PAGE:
Utilise idle agricultural lands
THE EDITOR, Madam:
I have taken note of your editorial titled ‘No housing on Trelawny sugar lands’, published in The Sunday Gleaner on April 18. We are at one with the need to protect, preserve and appropriately utilise our farmlands. The need for sufficient arable land is critical to our food security, and as minister, I am seized of that fact and will do all in my power to achieve this end. We cannot, however, approach the preservation of agricultural land as we have over the last five decades. That approach which has focused more on preservation and less on utilisation has left us with thousands of acres of agricultural land that have been transformed into informal settlements and countless acres of unused or underutilised land. In the new dispensation the approach is threefold: Increase our agricultural land holdings, assess all of the Government’s agricultural land holdings and craft a structured and strategic approach to their use, and engage the private sector to put agricultural land to productive use.
Part of my vision is for lands that are good agricultural lands, owned by the Government but are now outside the purview of the Ministry of Agriculture and Fisheries (MoAF), to be transferred to the MoAF. In this regard, we have engaged the National Housing Trust (NHT) and the National Land Agency (NLA) to transfer land to the ministry that is appropriate for agriculture. As a result, the NHT and the NLA have, over the last five years, transferred some 25,000 acres to the MoAF to be managed by its agencies.
Further in line with these efforts, the ministry has also embarked on a Land Owner Match programme where the Agro Invest Corporation (AIC) leases privately owned agricultural lands and match those with suitable agricultural investment. Thus far, over 300 acres have been so leased and we continue to appeal to persons who own unused agricultural land to contact the AIC.
As we seek to increase the land stock available to our farmers, we have embarked on a more strategic and holistic approach to developing the lands we have, especially our former sugar lands under the SCJH. We have conducted assessments of the majority of the sugar lands that are now back in our possession, including the Plantation Garden River in St Thomas and the Long Pond Estates in Trelawny. In the case of Trelawny, there is 14,000 acres of agricultural lands and just half of that is arable. An appreciation of the welfare of farmers in the parish has led to the earmarking of 3,600 acres for subleasing to former sugar cane farmers through the All-Island Jamaica Cane Farmers’ Association, and an additional 1000 acres have been reserved for cattle farmers.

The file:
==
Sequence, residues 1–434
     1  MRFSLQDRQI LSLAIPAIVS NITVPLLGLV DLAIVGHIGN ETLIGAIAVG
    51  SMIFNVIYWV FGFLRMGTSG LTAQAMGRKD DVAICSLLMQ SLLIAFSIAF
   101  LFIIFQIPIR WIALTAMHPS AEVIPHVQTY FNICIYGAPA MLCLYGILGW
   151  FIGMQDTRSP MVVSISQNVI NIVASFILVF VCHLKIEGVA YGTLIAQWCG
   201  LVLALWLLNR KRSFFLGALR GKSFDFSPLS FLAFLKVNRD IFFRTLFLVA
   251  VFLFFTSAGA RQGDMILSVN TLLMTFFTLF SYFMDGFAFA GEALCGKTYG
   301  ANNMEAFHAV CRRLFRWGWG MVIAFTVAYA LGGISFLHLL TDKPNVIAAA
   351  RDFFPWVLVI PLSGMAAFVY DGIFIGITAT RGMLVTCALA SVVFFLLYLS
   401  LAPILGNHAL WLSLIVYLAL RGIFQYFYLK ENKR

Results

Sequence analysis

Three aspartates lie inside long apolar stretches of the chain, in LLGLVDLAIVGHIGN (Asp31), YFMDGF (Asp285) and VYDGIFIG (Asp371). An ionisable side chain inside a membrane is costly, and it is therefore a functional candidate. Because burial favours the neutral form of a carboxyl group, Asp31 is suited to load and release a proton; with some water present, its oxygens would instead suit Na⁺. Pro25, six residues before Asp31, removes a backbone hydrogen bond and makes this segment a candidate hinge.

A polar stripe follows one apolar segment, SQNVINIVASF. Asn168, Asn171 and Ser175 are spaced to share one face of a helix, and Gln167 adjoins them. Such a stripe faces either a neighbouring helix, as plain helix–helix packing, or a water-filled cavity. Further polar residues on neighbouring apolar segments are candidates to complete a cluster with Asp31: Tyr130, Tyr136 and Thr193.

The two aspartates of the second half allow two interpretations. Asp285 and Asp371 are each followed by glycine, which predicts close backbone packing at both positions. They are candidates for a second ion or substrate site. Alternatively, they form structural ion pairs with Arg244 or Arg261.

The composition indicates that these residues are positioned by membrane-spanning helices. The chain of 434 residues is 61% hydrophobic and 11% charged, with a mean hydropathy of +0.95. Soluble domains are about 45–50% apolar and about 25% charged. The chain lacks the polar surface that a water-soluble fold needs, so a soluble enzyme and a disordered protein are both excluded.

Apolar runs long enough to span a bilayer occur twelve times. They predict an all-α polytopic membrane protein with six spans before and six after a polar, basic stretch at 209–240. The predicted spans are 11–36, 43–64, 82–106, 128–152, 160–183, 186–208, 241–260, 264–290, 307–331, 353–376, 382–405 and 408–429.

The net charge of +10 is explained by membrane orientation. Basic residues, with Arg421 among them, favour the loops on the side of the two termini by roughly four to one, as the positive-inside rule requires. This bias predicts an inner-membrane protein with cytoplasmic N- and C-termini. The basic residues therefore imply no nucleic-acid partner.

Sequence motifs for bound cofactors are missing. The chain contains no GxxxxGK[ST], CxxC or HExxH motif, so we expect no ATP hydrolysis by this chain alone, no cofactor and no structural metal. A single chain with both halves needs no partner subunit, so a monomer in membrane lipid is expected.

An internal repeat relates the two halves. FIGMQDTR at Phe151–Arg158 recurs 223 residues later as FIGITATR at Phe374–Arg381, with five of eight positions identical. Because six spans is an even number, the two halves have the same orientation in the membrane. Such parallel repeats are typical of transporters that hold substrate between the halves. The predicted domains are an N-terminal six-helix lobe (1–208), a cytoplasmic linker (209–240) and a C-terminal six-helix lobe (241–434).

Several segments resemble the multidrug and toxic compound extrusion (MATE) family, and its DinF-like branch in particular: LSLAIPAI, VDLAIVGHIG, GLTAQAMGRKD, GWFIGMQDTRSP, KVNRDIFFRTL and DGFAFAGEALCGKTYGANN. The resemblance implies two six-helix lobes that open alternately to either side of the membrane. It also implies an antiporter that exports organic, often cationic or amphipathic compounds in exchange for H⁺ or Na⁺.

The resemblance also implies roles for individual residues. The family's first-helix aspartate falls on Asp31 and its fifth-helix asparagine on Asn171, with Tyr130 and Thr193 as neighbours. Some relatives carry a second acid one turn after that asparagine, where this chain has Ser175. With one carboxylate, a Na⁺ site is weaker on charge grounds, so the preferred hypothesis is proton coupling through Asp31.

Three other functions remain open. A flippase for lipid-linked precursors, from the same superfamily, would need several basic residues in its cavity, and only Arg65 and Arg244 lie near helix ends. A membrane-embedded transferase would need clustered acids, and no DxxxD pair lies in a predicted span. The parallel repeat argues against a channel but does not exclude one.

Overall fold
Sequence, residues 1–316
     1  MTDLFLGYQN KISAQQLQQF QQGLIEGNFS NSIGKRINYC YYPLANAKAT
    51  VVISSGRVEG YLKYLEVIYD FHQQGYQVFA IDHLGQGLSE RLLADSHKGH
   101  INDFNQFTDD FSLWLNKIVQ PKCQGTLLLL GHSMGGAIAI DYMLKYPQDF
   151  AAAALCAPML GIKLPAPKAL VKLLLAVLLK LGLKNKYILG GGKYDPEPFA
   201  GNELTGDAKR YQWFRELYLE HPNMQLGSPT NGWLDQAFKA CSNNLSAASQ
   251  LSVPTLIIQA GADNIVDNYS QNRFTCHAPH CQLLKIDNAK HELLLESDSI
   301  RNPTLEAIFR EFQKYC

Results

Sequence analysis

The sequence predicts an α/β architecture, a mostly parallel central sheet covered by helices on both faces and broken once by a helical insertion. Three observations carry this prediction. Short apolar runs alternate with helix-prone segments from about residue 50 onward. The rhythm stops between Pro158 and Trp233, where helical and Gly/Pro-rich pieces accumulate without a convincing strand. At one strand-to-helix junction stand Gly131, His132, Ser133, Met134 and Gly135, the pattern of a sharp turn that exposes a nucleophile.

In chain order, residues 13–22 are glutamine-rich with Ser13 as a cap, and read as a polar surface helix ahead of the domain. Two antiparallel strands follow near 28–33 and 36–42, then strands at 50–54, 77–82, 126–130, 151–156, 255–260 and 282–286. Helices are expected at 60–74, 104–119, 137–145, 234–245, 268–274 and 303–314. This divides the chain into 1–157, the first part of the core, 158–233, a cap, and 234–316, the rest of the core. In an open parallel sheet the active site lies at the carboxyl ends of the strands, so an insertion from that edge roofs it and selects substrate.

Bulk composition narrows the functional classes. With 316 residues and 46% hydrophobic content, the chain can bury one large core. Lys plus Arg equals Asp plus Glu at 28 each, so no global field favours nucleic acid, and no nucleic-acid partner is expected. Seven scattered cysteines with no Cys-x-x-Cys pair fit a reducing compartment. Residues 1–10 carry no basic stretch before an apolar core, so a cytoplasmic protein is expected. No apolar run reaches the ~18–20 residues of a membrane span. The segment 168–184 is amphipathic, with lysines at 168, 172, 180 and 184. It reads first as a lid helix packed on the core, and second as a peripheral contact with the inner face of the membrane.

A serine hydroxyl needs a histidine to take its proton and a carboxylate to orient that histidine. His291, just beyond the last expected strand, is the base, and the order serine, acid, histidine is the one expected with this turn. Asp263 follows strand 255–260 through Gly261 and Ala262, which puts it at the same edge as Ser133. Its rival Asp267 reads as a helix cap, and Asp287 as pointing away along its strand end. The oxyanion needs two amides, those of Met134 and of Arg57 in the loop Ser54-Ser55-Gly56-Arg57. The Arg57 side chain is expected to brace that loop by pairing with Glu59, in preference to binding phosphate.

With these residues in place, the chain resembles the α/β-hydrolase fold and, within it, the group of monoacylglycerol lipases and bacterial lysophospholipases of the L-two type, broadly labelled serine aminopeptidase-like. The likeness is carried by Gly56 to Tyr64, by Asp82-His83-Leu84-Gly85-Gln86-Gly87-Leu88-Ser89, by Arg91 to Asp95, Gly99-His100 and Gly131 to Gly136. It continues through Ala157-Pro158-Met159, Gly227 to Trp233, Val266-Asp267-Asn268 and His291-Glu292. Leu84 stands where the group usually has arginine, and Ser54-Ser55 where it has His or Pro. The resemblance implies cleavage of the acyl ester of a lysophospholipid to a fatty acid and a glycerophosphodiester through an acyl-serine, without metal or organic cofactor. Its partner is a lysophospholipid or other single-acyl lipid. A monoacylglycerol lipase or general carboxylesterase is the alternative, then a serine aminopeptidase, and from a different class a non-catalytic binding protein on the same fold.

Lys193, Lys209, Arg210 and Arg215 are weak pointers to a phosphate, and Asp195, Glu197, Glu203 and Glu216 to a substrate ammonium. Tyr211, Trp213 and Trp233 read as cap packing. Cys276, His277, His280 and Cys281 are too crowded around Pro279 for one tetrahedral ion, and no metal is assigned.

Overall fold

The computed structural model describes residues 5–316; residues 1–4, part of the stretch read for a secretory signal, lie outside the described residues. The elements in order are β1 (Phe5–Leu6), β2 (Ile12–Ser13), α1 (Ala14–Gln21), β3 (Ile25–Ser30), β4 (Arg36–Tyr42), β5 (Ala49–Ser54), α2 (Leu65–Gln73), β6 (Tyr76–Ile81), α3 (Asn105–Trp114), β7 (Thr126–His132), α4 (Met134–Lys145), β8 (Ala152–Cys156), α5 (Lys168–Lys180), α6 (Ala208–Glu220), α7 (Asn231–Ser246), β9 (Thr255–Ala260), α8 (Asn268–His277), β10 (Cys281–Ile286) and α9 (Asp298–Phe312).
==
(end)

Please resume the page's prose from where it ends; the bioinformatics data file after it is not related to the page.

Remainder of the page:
A multimillion-dollar agriculture investment in the form of hemp production has also been facilitated, where some 500 acres have been leased to Organic Growth Holdings, enhancing economic activity in the community while providing consistent employment of at least 30 local residents.
To date, 2,000 acres is overrun with informal settlements and we are working with the Housing Agency of Jamaica to regularise those communities. To help cauterise the spread of informality due to the demand for housing, especially with the explosion in employment in the parish, a housing development proximate to the area that already has a significant informal settlement is being established by the HAJ. This will only utilise 147 acres.
It is critical that we appreciate that modern agricultural production is not confined to large acres of land. The application of technology has revolutionised the capacity of the country to produce agricultural goods and services. Our transformation efforts will further include sustainable intensification of agricultural production, utilising technology to apply aquaponics, hydroponics, vertically and horizontally integrated farming systems of protected agriculture and intensified livestock production methods. The expected result is high productivity and a decrease in the amount of land usage. These technologies are not restricted to land usage but also allow our farmers to save time, money and labour while increasing their yields, as have been done in many developed countries.
Evidently, the biggest threat to agriculture is idle agricultural land. I have tasked the AIC, SCJH and JAMPRO to aggressively engage investors both local and international to pursue the transformation of these lands into high productive zones, agro parks and agro-economic zones that will allow us to satisfy our local and global demand while driving economic growth. It is critical that we attract investment willing to utilise modern technology to drive production and productivity with high efficiency, as is being done in other small to medium-size economies.
The ministry will continue to strengthen its facilitatory services with strong focus on research, extension services, market expansion and helping our small farmers access the appropriate technology and equipment that can truly modernise the sector.
However ,the effective protection of our prime agricultural lands will require a willingness from our private sector and our financial services to invest in agriculture. The Government already has possession of prime lands and is expressing a willingness to make them available for agricultural investment. Idle agricultural lands do not benefit the people of Jamaica.
FLOYD GREEN, MP
Minister of Agriculture and Fisheries